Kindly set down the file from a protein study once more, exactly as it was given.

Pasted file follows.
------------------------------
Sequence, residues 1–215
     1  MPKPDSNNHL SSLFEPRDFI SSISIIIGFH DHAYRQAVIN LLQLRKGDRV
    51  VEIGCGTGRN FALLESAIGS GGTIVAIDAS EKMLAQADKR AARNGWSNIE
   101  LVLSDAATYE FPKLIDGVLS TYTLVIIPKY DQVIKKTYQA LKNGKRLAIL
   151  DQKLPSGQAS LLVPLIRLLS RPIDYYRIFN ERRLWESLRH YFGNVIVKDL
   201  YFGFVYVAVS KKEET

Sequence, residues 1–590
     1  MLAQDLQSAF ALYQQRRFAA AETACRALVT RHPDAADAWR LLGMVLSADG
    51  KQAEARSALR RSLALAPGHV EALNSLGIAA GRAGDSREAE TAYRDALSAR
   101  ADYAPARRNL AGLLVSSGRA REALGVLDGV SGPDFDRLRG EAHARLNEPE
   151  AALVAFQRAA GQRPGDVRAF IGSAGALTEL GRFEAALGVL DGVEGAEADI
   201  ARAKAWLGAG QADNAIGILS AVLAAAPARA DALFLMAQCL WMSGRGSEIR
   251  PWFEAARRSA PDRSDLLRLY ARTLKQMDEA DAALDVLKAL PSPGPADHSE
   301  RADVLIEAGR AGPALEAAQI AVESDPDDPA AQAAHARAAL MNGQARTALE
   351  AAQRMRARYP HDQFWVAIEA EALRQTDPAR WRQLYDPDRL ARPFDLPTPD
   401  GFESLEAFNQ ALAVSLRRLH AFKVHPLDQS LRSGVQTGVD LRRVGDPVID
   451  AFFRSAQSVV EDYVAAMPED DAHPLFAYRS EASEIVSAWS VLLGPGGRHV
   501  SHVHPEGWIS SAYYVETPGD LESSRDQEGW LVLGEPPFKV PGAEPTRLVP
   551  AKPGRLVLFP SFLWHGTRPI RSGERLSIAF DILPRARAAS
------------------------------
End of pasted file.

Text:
Sequence, residues 1–215
     1  MPKPDSNNHL SSLFEPRDFI SSISIIIGFH DHAYRQAVIN LLQLRKGDRV
    51  VEIGCGTGRN FALLESAIGS GGTIVAIDAS EKMLAQADKR AARNGWSNIE
   101  LVLSDAATYE FPKLIDGVLS TYTLVIIPKY DQVIKKTYQA LKNGKRLAIL
   151  DQKLPSGQAS LLVPLIRLLS RPIDYYRIFN ERRLWESLRH YFGNVIVKDL
   201  YFGFVYVAVS KKEET

Sequence, residues 1–590
     1  MLAQDLQSAF ALYQQRRFAA AETACRALVT RHPDAADAWR LLGMVLSADG
    51  KQAEARSALR RSLALAPGHV EALNSLGIAA GRAGDSREAE TAYRDALSAR
   101  ADYAPARRNL AGLLVSSGRA REALGVLDGV SGPDFDRLRG EAHARLNEPE
   151  AALVAFQRAA GQRPGDVRAF IGSAGALTEL GRFEAALGVL DGVEGAEADI
   201  ARAKAWLGAG QADNAIGILS AVLAAAPARA DALFLMAQCL WMSGRGSEIR
   251  PWFEAARRSA PDRSDLLRLY ARTLKQMDEA DAALDVLKAL PSPGPADHSE
   301  RADVLIEAGR AGPALEAAQI AVESDPDDPA AQAAHARAAL MNGQARTALE
   351  AAQRMRARYP HDQFWVAIEA EALRQTDPAR WRQLYDPDRL ARPFDLPTPD
   401  GFESLEAFNQ ALAVSLRRLH AFKVHPLDQS LRSGVQTGVD LRRVGDPVID
   451  AFFRSAQSVV EDYVAAMPED DAHPLFAYRS EASEIVSAWS VLLGPGGRHV
   501  SHVHPEGWIS SAYYVETPGD LESSRDQEGW LVLGEPPFKV PGAEPTRLVP
   551  AKPGRLVLFP SFLWHGTRPI RSGERLSIAF DILPRARAAS